2.0 Tuesday: HealthCamp RDU Approaches, Cloud Updates in Healthcare, A New King of the Web Browsers
As managers, providers and employees, we always have to be looking ahead at how the technology on our horizon will affect how our organizations administer health care. In the spirit of looking forward to the future, we present “2.0 Tuesday”, a feature on Manage My Practice about how technology is impacting our practices, and our patient and population outcomes.
We hope you enjoy looking ahead with us, and share your ideas, reactions and comments below!
HealthCamp RDU and Health Innovation Week DC Bring Stakeholders Together for Conversations on the Future of Healthcare
Over the next two weeks two separate events will give stakeholders from all ends of the healthcare spectrum a chance to be a part of an open-ended conversation about the future of care. HealthCamp RDU on Wednesday May 23rd in Raleigh, North Carolina, and Health Innovation Week, beginning June 2nd in Washington D.C. will be fantastic gatherings for providers, patients, advocates, managers, and vendors to come together, engage in conversation, and share their own experiences and visions for the future. With the large-scale changes taking place in healthcare today, more than ever it is critical to share your point of view, and events that bring together such a wide range of attendees offer fantastic opportunities to do just that. Check out their sites for more information on these great events!
(via The Health Care Blog , Triangle Business Journal)
Overheard in the Healthcare Cloud
- “So it’s not just about taking cloud computing and automating the healthcare system we have today, it literally means innovating and reinventing the health care system to make it it much more patient-centric” – Former Apple CEO John Sculley, on why he thinks Healthcare is one of the applications of “the cloud” with the highest potential
(via The Guardian)
- One of the biggest drivers of value in the cloud for healthcare is the collection, analysis, and application of “Big Data”. The term “Big Data” means the access to, and more importantly, analysis of huge sets of data created by medical providers and devices while treating patients. The end goal is to use the huge sets of data to gain insights into patient care and the human body with statistical analysis. Companies like SAS, Oracle, Microsoft, IBM and Dell all make technologies that allow massive sets of data to be managed and analyzed for insights to improve health. For example: “The use of data-mining technology has already led to some measurable improvements in patient care. New York-Presbyterian, which started using Microsoft technology to scan patient records in 2010, has reduced the rate of potentially fatal blood clots by about a third.“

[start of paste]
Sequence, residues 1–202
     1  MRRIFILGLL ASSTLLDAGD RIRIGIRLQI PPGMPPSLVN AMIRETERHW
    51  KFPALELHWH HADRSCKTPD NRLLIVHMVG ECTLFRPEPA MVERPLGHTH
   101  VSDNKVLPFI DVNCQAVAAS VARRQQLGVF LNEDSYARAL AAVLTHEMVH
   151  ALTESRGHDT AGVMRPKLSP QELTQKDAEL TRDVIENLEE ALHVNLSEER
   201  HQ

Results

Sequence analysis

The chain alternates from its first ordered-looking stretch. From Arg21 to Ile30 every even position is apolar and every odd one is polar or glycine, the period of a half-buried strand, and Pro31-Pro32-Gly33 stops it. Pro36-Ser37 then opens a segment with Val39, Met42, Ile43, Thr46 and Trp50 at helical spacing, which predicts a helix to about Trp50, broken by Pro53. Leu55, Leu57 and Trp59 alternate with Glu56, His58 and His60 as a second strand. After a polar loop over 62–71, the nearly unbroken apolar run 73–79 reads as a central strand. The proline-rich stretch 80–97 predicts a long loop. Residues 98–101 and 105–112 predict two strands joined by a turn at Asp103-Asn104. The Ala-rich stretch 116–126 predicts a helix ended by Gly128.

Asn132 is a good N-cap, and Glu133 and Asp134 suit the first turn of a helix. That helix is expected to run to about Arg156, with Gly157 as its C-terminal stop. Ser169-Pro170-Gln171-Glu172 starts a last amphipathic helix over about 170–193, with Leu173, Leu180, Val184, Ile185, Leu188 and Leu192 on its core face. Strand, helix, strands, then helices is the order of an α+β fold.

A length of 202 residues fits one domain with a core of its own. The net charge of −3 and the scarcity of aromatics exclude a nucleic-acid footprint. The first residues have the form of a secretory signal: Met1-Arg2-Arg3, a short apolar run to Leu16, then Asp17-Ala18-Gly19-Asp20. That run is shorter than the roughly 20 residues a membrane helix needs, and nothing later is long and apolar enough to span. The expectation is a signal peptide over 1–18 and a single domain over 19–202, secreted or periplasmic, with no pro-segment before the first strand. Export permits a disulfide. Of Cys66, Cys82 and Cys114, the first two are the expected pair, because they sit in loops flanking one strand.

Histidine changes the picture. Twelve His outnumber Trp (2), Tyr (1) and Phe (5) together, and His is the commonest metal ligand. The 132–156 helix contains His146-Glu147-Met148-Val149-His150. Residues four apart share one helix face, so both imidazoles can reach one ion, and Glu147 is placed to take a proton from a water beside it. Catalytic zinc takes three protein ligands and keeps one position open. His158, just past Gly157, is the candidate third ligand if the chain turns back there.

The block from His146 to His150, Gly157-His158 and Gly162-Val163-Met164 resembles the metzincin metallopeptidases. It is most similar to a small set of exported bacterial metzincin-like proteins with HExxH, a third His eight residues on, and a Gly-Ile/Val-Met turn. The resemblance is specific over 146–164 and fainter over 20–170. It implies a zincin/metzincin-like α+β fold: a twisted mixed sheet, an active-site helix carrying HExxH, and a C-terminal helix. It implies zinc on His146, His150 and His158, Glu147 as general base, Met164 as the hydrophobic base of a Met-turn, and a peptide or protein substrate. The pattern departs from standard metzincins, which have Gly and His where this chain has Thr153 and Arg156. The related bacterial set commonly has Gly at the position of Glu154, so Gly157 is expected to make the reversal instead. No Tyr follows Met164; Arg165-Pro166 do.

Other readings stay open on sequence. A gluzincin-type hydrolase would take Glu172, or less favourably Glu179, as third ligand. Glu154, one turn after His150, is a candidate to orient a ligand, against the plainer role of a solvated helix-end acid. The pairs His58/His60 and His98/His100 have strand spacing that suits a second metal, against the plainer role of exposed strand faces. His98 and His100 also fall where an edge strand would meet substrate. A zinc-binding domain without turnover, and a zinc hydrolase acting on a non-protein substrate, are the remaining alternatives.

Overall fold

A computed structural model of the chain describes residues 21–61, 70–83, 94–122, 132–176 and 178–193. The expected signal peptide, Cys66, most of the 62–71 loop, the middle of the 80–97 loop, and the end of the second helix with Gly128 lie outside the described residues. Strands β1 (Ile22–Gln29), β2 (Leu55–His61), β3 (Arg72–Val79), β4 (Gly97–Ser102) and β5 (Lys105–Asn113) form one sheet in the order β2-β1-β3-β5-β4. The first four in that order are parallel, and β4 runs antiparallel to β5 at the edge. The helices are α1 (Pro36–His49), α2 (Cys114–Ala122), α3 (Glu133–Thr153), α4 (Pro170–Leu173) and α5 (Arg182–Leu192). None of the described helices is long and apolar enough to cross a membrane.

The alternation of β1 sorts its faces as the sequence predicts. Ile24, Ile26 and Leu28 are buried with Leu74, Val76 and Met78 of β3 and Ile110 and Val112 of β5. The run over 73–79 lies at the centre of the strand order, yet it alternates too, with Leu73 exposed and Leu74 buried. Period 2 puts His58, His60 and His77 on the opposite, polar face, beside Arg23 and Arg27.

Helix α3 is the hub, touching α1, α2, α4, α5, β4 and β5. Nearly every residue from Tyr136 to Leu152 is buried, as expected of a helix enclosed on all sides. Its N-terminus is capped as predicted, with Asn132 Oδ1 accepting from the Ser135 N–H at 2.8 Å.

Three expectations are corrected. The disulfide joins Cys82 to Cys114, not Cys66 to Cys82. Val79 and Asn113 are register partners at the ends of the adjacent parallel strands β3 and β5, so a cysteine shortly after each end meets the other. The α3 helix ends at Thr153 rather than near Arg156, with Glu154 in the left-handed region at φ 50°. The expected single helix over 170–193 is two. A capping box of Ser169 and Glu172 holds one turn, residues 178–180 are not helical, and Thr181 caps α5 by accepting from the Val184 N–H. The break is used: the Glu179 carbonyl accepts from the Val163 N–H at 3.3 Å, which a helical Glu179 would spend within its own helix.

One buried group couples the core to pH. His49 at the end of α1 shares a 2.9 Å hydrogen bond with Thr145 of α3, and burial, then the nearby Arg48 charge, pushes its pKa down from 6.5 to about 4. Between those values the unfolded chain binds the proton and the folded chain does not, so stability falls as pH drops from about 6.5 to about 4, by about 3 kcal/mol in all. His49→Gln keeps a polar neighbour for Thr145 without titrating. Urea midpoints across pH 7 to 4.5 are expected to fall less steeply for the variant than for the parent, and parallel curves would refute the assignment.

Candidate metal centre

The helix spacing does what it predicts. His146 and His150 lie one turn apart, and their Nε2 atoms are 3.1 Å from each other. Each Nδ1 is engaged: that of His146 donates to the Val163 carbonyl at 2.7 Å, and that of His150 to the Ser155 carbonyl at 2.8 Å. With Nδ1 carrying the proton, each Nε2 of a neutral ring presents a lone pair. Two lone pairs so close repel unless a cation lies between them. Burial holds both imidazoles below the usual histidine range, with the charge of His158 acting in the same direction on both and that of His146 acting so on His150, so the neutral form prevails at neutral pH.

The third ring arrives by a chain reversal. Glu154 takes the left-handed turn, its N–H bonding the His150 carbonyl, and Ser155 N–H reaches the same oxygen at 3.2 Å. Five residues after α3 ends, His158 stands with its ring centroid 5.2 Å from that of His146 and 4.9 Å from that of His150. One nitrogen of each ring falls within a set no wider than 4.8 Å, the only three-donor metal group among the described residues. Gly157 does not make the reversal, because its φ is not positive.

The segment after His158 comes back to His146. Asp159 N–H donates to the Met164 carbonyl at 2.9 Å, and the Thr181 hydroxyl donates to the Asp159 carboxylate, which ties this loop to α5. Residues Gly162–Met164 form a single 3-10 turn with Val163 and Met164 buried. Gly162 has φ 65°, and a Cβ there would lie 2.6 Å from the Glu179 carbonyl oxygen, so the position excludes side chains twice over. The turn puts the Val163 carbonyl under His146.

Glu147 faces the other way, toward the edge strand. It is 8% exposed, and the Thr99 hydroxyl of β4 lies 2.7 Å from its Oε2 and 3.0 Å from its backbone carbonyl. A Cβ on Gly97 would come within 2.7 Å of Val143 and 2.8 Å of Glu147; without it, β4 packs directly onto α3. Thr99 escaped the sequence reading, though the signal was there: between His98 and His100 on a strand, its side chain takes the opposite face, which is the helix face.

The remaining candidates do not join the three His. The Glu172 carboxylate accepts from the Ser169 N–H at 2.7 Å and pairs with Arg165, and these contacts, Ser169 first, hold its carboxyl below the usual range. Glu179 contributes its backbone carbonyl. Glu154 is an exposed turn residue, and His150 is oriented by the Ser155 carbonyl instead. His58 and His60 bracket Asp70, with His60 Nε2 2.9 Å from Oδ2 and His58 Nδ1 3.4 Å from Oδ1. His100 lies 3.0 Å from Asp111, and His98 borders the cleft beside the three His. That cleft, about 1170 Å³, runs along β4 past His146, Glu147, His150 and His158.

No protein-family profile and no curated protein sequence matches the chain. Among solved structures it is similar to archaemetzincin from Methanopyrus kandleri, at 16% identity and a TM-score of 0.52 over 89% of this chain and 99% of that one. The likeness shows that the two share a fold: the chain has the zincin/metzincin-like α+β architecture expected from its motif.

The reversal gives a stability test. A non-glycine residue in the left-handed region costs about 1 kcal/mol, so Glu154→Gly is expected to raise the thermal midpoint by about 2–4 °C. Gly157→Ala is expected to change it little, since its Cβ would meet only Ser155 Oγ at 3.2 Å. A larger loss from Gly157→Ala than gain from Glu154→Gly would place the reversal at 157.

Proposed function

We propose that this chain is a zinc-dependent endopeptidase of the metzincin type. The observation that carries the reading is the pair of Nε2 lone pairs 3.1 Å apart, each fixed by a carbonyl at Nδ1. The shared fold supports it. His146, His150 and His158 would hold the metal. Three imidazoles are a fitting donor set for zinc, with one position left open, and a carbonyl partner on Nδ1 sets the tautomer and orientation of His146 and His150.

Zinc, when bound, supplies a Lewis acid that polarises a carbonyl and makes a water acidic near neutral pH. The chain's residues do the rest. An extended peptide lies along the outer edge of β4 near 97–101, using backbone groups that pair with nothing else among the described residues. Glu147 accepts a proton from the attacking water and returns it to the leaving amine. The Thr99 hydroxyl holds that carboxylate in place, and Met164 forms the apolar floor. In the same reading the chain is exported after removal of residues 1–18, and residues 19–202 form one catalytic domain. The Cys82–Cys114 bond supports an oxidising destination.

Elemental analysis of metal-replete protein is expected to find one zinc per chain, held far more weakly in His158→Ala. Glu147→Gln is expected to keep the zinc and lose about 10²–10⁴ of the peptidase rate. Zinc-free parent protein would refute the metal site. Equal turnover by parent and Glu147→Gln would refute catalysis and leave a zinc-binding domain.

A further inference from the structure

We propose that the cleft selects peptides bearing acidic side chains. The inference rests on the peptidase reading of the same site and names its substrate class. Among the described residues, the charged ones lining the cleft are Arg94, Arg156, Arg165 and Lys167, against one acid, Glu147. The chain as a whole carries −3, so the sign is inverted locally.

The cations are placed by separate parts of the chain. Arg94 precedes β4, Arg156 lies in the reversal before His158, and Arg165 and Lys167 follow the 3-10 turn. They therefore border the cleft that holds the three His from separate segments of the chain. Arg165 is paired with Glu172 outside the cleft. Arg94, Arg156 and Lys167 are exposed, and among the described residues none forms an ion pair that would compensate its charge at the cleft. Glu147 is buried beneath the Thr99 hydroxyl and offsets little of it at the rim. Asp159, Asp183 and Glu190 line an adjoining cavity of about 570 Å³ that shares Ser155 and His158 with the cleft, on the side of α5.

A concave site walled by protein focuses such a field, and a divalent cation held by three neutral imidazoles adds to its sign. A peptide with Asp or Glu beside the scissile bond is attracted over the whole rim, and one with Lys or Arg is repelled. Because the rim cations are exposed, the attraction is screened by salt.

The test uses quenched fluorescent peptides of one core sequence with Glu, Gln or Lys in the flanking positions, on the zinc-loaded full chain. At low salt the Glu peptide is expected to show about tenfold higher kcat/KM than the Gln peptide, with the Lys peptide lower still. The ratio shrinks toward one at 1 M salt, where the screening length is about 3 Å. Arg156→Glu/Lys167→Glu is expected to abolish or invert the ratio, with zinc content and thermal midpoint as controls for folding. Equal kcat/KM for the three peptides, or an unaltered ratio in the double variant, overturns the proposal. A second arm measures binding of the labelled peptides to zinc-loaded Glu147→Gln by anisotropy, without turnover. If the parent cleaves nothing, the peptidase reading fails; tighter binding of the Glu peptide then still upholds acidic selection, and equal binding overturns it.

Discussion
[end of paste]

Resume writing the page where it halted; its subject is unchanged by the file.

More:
(via Bloomberg Businessweek)
- Another big driver of value in the cloud: Mobility. With improved network access, and a continually improving global networked infrastructure, knowledge workers can now share expertise on a global scale relatively easily. Like how IBM SmartCloud technology is helping groups such as Colleagues in Care Global Health Network bring care to underserved areas. “The organization is using IBM cloud-based social analytics and collaboration services to provide the global network of health-care volunteers with immediate access to critical data and information for the current health-care needs of the Haitian citizens. The network consists of about 200 doctors, nurses and business professionals coming together virtually from all around the globe including Canada, China, Haiti, France, Ireland, Italy, the United Kingdom, and the United States.
Google Chrome Overtakes Microsoft Internet Explorer as The Word’s #1 Web Browser
At least by one measure and by one website’s count, Google’s Chrome Web Browser is now the most used Web Browser in the world. Internet statistics site StatCounter, which analyzes the traffic of about 3 million sites worldwide, is reporting that in the past few weeks, for the first time, users of Chrome outnumbered users of Microsoft’s Internet Explorer Worldwide. In some individual regions (North America, for example) Internet Explorer is still number 1, and StatCounter may not have a representative sample of the world’s sites being monitored, but it is another example of how quickly and how broad Google’s influence has become.
What’s your favorite browser? Tell us in the comments below!